15. Hollows, J. (2003). Oliver’s twist: Leisure, labour and domestic masculinity in the Naked Chef. International Journal of Cultural Studies 6: 229–248.CrossRefGoogle Scholar
  16. James, A. (1990). Childhood Identities. Edinburgh: Edinburgh University Press.Google Scholar
  17. Kline, S. (1993). Out of the Garden. Toys, TV and Children’s Culture in the Age of Marketing. New York: Verso.Google Scholar
  18. La Ville, V. I. (2004). L’activitè de consommation enfantine: les prèmices d’un dialogue transdisciplinaire? in Diasio, N. (ed.), Au Palais de Dame Tartine. Regards europèens sur la consommation enfantine (pp. 27–41). Paris: L’Harmattan.Google Scholar
  19. Lupton, D. (1996). Food, the Body and the Self, London: Sage.Google Scholar
  20. Malchiodi, C. A. (1998) .Understanding Children’s Drawings. New York: The Guilford Press.Google Scholar
  21. Mauthner, M., Mayall, L. B. & Turner, S. (1993). Children and Food at Primary School. London: Social Science Research Unit, Institute of Education University of London.Google Scholar
  22. Martens, L., Southerton, D. & Scott, S. (2004). Bringing children (and parents) into the sociology of consumption: Towards a theoretical and empirical agenda. Journal of Consumer Culture 4: 155–182.CrossRefGoogle Scholar
  23. McSeveny, K. (2009). ‘The management of identity and accountability in Online Weight Loss Discourse’. Unpublished PhD thesis, Sheffield Hallam University.Google Scholar
  24. Murcott, A. (1997). ‘The nation’s diet’: An overview of early results. British Food Journal 99(3):89–96.CrossRefGoogle Scholar
  25. Nelson, M., Nicholas, J., Suleiman, S., Davies, O., Prior, G., Hall, L., Wreford, S. & Poulter, J. (2005). School Meals in Primary Schools in England. Research Report no 753. London: King’s College.Google Scholar
  26. Nukaga, M. (2008). The underlife of kids’ school lunchtime: Negotiating ethnic boundaries and identity in food exchange. Journal of Contemporary Ethnography 37:342–380.CrossRefGoogle Scholar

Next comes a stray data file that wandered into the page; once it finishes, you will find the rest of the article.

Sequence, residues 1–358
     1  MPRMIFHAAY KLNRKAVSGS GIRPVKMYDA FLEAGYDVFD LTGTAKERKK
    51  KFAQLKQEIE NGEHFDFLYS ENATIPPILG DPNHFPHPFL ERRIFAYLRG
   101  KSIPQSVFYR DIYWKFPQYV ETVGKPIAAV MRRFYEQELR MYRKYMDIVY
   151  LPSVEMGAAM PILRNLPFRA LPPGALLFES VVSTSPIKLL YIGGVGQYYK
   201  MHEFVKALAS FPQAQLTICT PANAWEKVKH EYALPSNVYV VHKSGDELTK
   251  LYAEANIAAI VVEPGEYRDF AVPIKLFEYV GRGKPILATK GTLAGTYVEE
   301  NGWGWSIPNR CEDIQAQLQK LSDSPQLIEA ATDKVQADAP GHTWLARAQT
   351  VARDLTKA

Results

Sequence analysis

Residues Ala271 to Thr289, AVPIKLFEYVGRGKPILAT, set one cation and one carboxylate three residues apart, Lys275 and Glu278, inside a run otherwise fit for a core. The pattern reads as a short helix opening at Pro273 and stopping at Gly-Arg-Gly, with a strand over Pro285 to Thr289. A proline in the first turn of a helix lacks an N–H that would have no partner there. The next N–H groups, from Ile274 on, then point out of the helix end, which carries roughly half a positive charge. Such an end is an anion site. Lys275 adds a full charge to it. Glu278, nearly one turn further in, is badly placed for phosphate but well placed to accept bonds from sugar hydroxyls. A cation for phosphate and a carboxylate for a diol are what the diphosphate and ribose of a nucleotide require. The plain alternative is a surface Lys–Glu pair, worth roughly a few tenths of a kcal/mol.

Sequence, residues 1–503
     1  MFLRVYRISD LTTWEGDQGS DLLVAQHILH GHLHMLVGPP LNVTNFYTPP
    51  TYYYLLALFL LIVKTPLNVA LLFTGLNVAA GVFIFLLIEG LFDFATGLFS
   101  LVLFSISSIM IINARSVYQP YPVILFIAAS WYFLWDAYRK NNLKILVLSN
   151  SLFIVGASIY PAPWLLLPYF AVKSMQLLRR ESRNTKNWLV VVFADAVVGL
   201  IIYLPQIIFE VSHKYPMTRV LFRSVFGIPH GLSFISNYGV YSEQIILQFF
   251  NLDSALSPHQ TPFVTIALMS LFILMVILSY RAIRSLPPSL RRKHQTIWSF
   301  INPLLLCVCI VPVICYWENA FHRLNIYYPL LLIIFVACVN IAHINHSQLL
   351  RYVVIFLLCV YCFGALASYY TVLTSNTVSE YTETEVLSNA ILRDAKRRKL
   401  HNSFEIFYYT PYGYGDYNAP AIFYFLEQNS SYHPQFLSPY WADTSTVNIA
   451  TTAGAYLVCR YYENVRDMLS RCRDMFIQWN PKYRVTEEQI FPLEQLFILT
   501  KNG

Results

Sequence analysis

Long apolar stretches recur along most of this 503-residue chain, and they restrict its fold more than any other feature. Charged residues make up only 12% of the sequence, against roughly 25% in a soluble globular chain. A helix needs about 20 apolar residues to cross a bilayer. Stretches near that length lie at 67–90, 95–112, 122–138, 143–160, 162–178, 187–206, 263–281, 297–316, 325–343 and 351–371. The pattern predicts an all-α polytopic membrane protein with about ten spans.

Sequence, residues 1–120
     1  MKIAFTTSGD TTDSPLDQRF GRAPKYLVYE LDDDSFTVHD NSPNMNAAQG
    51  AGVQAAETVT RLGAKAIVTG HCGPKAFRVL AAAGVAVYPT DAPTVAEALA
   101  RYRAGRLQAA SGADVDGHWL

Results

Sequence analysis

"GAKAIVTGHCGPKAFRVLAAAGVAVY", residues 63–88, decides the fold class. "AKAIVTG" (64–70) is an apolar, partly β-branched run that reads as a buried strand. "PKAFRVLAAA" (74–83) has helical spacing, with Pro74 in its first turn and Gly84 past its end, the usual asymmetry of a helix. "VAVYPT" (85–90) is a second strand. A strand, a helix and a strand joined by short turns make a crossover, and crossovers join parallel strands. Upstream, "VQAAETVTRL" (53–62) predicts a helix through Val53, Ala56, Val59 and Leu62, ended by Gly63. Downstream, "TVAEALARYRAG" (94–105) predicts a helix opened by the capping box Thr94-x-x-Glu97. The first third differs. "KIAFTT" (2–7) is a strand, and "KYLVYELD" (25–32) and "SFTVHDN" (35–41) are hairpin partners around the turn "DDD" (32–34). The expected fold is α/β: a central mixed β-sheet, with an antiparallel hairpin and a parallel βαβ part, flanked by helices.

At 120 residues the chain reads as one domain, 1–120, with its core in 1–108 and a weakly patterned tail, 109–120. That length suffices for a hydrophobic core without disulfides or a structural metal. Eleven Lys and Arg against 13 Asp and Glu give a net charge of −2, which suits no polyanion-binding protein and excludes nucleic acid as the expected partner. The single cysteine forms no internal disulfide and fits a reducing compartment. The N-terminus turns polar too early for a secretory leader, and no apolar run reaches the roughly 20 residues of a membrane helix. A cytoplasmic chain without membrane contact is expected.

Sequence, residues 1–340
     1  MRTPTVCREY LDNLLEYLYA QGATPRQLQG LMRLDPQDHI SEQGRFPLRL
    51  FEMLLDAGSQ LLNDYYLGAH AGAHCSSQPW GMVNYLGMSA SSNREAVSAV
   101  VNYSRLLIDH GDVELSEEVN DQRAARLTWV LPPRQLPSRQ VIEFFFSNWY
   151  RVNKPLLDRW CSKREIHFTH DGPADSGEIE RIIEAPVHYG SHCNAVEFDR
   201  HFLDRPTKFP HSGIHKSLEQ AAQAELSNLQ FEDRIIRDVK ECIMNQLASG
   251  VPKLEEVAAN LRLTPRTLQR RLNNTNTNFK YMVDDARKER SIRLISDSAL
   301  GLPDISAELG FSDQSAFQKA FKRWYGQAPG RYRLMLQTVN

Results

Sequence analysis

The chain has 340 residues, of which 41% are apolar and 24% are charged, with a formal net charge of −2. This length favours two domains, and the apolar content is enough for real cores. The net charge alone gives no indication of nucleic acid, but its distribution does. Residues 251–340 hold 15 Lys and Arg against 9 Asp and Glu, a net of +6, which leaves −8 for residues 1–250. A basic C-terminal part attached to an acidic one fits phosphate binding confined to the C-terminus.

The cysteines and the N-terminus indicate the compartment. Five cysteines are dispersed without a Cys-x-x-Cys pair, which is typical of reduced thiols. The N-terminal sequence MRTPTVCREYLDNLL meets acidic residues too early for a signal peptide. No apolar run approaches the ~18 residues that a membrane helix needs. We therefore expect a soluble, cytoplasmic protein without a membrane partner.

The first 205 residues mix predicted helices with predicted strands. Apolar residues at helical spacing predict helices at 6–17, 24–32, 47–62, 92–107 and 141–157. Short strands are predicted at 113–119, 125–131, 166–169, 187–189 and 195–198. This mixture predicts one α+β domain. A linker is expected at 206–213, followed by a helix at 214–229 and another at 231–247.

27. Robinson, S. (2000). Children’s perceptions of who controls their food. Journal of Human Nutrition and Dietetics 13:163–171.CrossRefGoogle Scholar
  28. Rogers, I. S., Ness, A. R., Hebditch, K., Jones, L. R. & Emmett, P. M. (2007). Quality of food eaten in English primary schools: School dinners vs packed lunches. European Journal of Clinical Nutrition 61:856–864.CrossRefGoogle Scholar
  29. Thorne, B. (2005). Unpacking school lunchtime: Structure, practice and the negotiation of differences, in Cooper, C.R., Coll, C. G. T., Bartko, W. T., Davis, H. M., & Chatman, C. (eds), Developmental Pathways Through Middle Childhood (pp. 63–87). Chicago: University of Chicago Press.Google Scholar
  30. Valentine, G. (2000). Exploring children and young people’s narratives of identity. Geoforum 31:257–267.CrossRefGoogle Scholar
  31. Walkerdine, V. (1997). Daddy’s Girl: Young Girls and Popular Culture. Basingstoke: Macmillan.Google Scholar
  32. Warren, E., Parry, O., Lynch, R. & Murphy, S. (2008). ‘“If I don’t like it then I can choose what I want”: Welsh school children’s accounts of preference for and control over good choice. Health Promotion International 23(2):144–151.CrossRefGoogle Scholar
  33. Wetherell, M. (1998). Positioning and interpretive repertoires: Conversation analysis and poststructuralism in dialogue. Discourse and Society 9(3):387–412.CrossRefGoogle Scholar
  34. Williams, S. J. (1998). Health as moral performance: Ritual, transgression and taboo. Health 2(4): 435–457.Google Scholar

Copyright information

© Caroline Dryden, Alan Metcalfe, Jenny Owen, Geraldine Shipton 2009

Authors and Affiliations

  • Caroline Dryden
  • Alan Metcalfe
  • Jenny Owen
  • Geraldine Shipton

There are no affiliations available

Personalised recommendations